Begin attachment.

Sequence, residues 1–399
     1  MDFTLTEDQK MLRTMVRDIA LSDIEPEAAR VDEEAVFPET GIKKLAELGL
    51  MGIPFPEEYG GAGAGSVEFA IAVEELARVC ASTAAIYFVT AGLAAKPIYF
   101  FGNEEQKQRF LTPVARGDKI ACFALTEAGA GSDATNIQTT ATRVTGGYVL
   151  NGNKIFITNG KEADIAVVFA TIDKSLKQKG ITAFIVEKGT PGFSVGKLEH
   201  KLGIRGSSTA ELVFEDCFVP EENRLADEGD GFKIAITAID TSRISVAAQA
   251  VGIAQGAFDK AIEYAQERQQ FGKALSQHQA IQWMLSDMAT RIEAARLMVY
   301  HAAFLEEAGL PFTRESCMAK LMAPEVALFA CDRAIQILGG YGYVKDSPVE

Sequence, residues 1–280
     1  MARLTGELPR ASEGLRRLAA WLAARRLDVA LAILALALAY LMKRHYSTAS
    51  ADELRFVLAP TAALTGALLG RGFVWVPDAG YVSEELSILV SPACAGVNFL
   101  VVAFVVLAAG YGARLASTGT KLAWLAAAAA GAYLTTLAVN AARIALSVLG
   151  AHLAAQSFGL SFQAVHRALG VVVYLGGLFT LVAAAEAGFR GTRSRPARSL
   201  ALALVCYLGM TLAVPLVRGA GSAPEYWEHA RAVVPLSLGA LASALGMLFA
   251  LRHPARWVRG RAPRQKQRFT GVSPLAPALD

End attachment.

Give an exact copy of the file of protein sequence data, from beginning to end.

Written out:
Sequence, residues 1–399
     1  MDFTLTEDQK MLRTMVRDIA LSDIEPEAAR VDEEAVFPET GIKKLAELGL
    51  MGIPFPEEYG GAGAGSVEFA IAVEELARVC ASTAAIYFVT AGLAAKPIYF
   101  FGNEEQKQRF LTPVARGDKI ACFALTEAGA GSDATNIQTT ATRVTGGYVL
   151  NGNKIFITNG KEADIAVVFA TIDKSLKQKG ITAFIVEKGT PGFSVGKLEH
   201  KLGIRGSSTA ELVFEDCFVP EENRLADEGD GFKIAITAID TSRISVAAQA
   251  VGIAQGAFDK AIEYAQERQQ FGKALSQHQA IQWMLSDMAT RIEAARLMVY
   301  HAAFLEEAGL PFTRESCMAK LMAPEVALFA CDRAIQILGG YGYVKDSPVE

Sequence, residues 1–280
     1  MARLTGELPR ASEGLRRLAA WLAARRLDVA LAILALALAY LMKRHYSTAS
    51  ADELRFVLAP TAALTGALLG RGFVWVPDAG YVSEELSILV SPACAGVNFL
   101  VVAFVVLAAG YGARLASTGT KLAWLAAAAA GAYLTTLAVN AARIALSVLG
   151  AHLAAQSFGL SFQAVHRALG VVVYLGGLFT LVAAAEAGFR GTRSRPARSL
   201  ALALVCYLGM TLAVPLVRGA GSAPEYWEHA RAVVPLSLGA LASALGMLFA
   251  LRHPARWVRG RAPRQKQRFT GVSPLAPALD